Part 4: Planning an Appalachian Trail Thru-Hike – Logistics

Every step you take along the 2,180 miles of an Appalachian Trail thru-hike comes with a lot of advance prep work. So far, in our special series on planning a thru-hike, we’ve covered important categories from financial planning to gear lists in previous installments. In Part 4, we’re tackling logistics – a daunting topic, but like budgeting, it’s an important aspect in achieving your goal of completing the entire length of the trail.

In spite of everything that I am about to write, remember this one truth: If you can get yourself to Springer Mountain in Georgia with the proper gear, all bases covered at home, enough money in the bank to support yourself for six months on the trail, and three days of provisions, then you have all you need to start your hike. If you get behind in your planning, always fall back to this premise: Save your money, get your gear, and handle your personal affairs for a six-month hiatus.

Picking an At-Home Support Person

There is no substitute for an at-home support person while on an extended AT thru-hike adventure. Select someone who is both excited about your hike and trustworthy to handle your affairs at home. A multitude of situations can arise while you are on the trail and you need someone assigned to take care of them in your absence, so you don’t have to get off the trail.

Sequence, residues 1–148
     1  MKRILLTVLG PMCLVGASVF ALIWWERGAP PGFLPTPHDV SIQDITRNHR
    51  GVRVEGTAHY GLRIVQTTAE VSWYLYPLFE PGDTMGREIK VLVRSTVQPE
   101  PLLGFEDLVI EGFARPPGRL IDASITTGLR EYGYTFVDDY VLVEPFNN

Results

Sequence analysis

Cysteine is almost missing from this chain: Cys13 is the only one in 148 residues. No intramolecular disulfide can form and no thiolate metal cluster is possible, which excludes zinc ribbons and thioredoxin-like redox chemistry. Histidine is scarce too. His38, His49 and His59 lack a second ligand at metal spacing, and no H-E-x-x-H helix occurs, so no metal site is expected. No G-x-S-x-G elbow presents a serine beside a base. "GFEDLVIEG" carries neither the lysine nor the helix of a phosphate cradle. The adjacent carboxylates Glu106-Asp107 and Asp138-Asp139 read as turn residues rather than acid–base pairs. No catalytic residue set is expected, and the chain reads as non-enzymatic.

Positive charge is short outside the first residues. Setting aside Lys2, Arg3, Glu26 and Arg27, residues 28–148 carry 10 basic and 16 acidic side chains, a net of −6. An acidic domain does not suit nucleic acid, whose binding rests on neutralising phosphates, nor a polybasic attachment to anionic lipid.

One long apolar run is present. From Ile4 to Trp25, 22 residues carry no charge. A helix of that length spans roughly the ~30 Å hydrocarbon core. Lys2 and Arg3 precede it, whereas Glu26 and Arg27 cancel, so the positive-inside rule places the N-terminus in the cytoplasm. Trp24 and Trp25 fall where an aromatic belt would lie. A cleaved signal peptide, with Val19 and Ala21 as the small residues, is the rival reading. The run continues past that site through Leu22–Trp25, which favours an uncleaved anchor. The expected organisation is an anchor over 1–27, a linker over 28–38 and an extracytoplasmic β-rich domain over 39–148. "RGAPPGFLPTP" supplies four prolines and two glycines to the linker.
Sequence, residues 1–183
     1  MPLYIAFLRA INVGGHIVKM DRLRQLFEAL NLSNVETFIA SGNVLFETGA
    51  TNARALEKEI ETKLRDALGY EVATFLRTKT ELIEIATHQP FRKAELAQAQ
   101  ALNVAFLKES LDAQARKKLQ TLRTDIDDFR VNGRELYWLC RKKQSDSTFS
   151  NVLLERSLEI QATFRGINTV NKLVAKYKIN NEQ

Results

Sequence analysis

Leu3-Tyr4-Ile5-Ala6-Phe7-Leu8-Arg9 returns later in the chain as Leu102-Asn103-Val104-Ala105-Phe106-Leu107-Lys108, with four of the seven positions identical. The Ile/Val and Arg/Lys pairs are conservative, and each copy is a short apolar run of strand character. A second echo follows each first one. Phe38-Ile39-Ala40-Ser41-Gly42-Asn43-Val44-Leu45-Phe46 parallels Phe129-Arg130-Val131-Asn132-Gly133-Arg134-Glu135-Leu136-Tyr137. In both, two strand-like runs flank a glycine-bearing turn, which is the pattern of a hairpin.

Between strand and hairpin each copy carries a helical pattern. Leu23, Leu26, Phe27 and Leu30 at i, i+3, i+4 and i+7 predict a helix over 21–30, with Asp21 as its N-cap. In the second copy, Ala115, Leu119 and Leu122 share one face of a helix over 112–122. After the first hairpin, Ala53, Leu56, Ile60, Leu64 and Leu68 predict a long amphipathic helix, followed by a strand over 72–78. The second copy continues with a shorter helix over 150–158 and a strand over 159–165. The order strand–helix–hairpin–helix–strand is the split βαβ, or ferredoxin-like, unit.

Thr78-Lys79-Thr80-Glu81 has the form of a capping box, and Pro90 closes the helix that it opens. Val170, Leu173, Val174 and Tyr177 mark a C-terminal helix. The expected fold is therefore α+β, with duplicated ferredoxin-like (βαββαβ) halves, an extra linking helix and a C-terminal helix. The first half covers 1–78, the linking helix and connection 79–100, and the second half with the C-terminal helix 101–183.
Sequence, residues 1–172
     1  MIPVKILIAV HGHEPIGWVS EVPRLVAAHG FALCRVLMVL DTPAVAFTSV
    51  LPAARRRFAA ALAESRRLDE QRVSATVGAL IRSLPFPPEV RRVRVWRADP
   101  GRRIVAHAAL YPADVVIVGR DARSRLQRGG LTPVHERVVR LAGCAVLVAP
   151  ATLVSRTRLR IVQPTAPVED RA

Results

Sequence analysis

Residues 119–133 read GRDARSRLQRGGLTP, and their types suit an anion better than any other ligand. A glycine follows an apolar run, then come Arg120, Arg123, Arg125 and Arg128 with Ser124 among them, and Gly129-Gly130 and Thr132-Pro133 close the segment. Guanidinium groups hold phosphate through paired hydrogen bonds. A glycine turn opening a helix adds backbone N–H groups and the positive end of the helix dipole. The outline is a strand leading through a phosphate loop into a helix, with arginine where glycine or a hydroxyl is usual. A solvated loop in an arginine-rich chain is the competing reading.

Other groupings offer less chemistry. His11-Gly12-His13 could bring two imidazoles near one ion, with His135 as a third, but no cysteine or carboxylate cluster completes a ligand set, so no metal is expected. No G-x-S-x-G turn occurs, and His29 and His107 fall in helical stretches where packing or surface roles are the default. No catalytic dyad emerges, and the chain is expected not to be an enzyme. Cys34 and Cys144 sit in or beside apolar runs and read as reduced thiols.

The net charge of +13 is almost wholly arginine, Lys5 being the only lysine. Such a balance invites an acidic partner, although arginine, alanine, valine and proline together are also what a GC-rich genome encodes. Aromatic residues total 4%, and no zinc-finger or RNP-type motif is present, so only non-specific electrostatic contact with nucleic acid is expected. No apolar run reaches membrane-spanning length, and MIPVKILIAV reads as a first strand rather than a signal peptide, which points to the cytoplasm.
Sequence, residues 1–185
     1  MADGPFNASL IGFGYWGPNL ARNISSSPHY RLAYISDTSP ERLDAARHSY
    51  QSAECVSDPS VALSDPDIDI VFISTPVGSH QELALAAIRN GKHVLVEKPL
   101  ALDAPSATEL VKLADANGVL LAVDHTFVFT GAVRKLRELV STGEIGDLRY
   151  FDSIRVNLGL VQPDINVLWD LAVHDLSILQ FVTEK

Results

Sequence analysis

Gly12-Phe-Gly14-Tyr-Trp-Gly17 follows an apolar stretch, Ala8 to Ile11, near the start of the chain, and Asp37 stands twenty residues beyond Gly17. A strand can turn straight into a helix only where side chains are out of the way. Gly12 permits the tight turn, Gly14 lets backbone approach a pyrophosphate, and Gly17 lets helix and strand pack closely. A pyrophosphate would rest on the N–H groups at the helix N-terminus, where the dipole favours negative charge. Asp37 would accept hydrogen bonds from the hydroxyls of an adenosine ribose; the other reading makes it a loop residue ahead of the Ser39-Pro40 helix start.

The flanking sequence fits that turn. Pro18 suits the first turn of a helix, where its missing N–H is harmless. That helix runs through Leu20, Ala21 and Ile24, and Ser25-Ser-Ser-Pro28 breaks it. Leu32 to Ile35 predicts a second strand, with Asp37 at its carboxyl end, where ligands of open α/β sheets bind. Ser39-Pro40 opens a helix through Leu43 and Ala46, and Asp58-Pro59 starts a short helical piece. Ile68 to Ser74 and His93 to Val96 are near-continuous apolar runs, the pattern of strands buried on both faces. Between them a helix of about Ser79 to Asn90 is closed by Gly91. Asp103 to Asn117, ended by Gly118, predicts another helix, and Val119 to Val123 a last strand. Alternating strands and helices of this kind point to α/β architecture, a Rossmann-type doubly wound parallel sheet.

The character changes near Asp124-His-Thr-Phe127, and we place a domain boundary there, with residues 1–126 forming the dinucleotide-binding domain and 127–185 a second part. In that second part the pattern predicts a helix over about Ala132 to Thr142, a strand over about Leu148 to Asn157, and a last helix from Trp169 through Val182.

Now is the time to pick that person, if you haven’t yet, and also start prepping a list of potential circumstances that may come up while you are on the trail. Consider granting power of attorney if your situation is complicated enough that such will be required. Your support person is the one you will call on to mail gear and possibly some hard-to-get food items that you are craving, in addition to handling your bills and mail.

Food Supply on the Trail

Everybody needs to eat and you have to create a game plan to ensure you get the calories necessary to complete an AT thru-hike. To accomplish this, your choices include: a) purchase food on the trail, b) buy in bulk at the start and ship it to yourself at towns along the way, or c) a combination of both.

I strongly recommend that you buy as you go. The savings realized by shopping in bulk before the hike is lost in logistical hassle, expensive postage for mailing heavy packages across the country, lost or spoiled food in transit, unanticipated changes in appetite, and too much repetition in diet. I mailed myself a jar of peanut butter at every town stop along the trail – and then I could not eat the stuff for two years after my thru-hike. I still have not eaten a sardine since my hike 17 years ago.

There are enough towns with suitable supermarkets spaced apart on the trail to resupply completely on your own as you go – thereby, catering to your morphing appetite in real-time. In the rare cases where a grocery store is not available in an upcoming town, it’s much cheaper to put together a food parcel about two weeks ahead of time (in a trail town) and mail it ahead to yourself.